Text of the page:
The Holy Bible – Knox Translation
The Book of Genesis
Chapter 47
So Joseph approached Pharao with the news that his father and his brethren had brought their sheep and cattle and all they possessed away from Chanaan, and were there in the land of Gessen.
He also presented his five youngest brethren to the king,
and these, when the king asked what their employment was, answered, Thy servants are shepherds, as their fathers were before them.
We have come to seek hospitality in this land of thine, my lord, because the drought lies heavy on Chanaan, and there is no pasture for our flocks; our plea is, that thou wouldst grant thy servants a home in the country of Gessen.
So the king told Joseph, Now that thy father and thy brethren have come here to bear thee company,
the whole land of Egypt is at thy disposal; bid them dwell where they are best able to dwell, occupying the country of Gessen. And if thou knowest any of their number to be skilful at their craft, give them charge of my own herds.
Afterwards, Joseph brought his father in, and presented him to the king, to whom he gave his blessing.
And when the king asked him, what was his age?
I have lived a wanderer’s life, said he, these hundred and thirty years; no long life, and no happy one, compared with the years my fathers spent, roaming the world before me.
So he gave the king his blessing, and left him.

Joseph obeyed Pharao’s bidding, and gave his father and his brethren lands in the most favoured part of Egypt, at Ramesses;
and there he maintained them, with all his father’s kindred, giving an allowance of food to each.
All the world over, bread was still scarce, and the drought bore hardest on Egypt and on Chanaan,
till at last Joseph had amassed all the money either land possessed in the royal treasury, through his sales of wheat.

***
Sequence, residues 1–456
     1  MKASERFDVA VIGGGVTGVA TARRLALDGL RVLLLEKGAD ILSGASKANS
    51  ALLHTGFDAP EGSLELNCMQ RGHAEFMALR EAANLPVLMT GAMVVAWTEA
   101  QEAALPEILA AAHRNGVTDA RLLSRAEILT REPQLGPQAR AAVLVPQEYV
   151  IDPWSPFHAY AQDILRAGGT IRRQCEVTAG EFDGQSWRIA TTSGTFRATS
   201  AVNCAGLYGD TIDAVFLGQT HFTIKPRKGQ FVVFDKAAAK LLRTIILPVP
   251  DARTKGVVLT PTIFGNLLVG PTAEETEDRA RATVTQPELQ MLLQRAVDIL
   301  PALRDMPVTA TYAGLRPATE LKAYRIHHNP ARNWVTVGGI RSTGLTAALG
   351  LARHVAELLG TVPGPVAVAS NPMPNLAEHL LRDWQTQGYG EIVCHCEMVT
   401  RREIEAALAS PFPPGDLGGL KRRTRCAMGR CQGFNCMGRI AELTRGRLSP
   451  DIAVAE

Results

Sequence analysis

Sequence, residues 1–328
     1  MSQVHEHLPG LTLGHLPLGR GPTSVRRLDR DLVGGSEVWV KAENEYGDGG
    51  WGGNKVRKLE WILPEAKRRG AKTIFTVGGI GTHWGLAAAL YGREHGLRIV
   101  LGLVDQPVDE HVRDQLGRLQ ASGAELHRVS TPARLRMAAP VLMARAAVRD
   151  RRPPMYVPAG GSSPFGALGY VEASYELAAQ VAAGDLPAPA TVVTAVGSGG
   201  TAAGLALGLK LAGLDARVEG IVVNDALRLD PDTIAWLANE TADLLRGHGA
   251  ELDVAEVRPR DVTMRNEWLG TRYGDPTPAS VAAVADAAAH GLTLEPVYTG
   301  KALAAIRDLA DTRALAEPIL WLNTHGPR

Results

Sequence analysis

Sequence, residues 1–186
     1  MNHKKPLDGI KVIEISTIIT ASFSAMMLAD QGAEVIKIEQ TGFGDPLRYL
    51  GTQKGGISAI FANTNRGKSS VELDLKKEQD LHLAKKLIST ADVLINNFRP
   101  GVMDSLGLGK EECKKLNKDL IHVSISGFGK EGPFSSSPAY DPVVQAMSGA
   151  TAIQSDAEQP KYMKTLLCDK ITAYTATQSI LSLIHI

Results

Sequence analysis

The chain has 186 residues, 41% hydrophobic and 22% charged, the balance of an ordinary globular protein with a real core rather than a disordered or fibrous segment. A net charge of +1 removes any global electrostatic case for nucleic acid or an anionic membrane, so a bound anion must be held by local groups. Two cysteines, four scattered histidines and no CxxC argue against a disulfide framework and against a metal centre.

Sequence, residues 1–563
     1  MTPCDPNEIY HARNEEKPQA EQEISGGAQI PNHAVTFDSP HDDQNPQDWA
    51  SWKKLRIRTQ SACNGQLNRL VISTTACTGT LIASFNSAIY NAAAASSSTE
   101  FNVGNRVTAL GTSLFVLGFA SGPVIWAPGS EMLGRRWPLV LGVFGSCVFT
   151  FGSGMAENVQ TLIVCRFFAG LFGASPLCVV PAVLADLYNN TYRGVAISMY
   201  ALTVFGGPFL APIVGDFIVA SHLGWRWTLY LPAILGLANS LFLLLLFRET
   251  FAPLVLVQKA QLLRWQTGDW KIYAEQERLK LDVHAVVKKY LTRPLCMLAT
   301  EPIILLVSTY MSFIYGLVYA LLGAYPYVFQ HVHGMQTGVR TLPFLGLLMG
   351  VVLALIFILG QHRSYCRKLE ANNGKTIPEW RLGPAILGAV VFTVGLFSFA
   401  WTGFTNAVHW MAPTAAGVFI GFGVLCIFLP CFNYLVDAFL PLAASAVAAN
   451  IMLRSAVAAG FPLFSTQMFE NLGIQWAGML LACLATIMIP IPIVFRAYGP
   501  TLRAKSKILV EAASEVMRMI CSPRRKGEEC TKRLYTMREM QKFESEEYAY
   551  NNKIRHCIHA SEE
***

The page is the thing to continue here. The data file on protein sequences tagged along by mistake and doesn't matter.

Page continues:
So, when they had nothing left to buy with, the Egyptians all came to Joseph asking to have bread given them for nothing; Wilt thou watch us starve, they asked, now that we have no more money left?
If you cannot pay, he answered, bring your cattle here, and you shall have food in return for these.
So they brought them and he bartered corn for horses and sheep and cattle and asses, feeding them the whole of that year and taking their beasts as the price.
By the next year, they came to him and said, My lord, we must needs be open with thee; we have come to the end of our cattle, as well as our money; thou canst see for thyself that nothing is left us except our lives and our lands.
Do not watch us starve; thou shalt have the disposal of our lands and of ourselves, making both of these the king’s property, and giving us seed-corn in return; if not, the land will become a wilderness for want of tillage.
So Joseph bought the whole land of Egypt, one and all selling their possessions to him because the famine was so grievous; and he made it Pharao’s property,
with all the inhabitants of it from one end of Egypt to the other;
except the land which the king had assigned to the priests. These had a fixed allowance of food made to them from the royal store-houses, and there was no occasion for them to sell their lands.

Joseph said to the people, You can see for yourselves now that Pharao is lord of your lives and lands; you shall have seed-corn to sow your fields with,
and when harvest-time comes you shall give up a fifth of your crops to the king; the other four-fifths I will grant you for the next sowing, and to feed your households and your children.
Our lives are in thy hand, they said; as long as we enjoy my lord’s favour, we will gladly be the king’s servants.
All over Egypt, from that day to this, the payment of the fifth is a custom which has the force of law, except in the priests’ lands, which are bound by no such conditions.

Thus Israel began to find a home in Egypt, that is, in the land of Gessen, took possession of it, and flourished, and grew great.
Jacob himself lived on seventeen years there, so that he reached altogether the age of a hundred and forty-seven.
And when he saw the day of his death approaching, he sent for his son Joseph; Do me this favour, he said, put thy hand under my thigh, and swear, in love and loyalty, that thou wilt not bury me here in Egypt.
I would sleep where my fathers sleep; take me far away from this land and bury me in the burial-place of my kindred. I will do thy bidding, answered Joseph;
but Jacob would have him bind himself by an oath. So he gave his oath; and then Israel turned his eyes towards the top of his bed, and gave praise to God.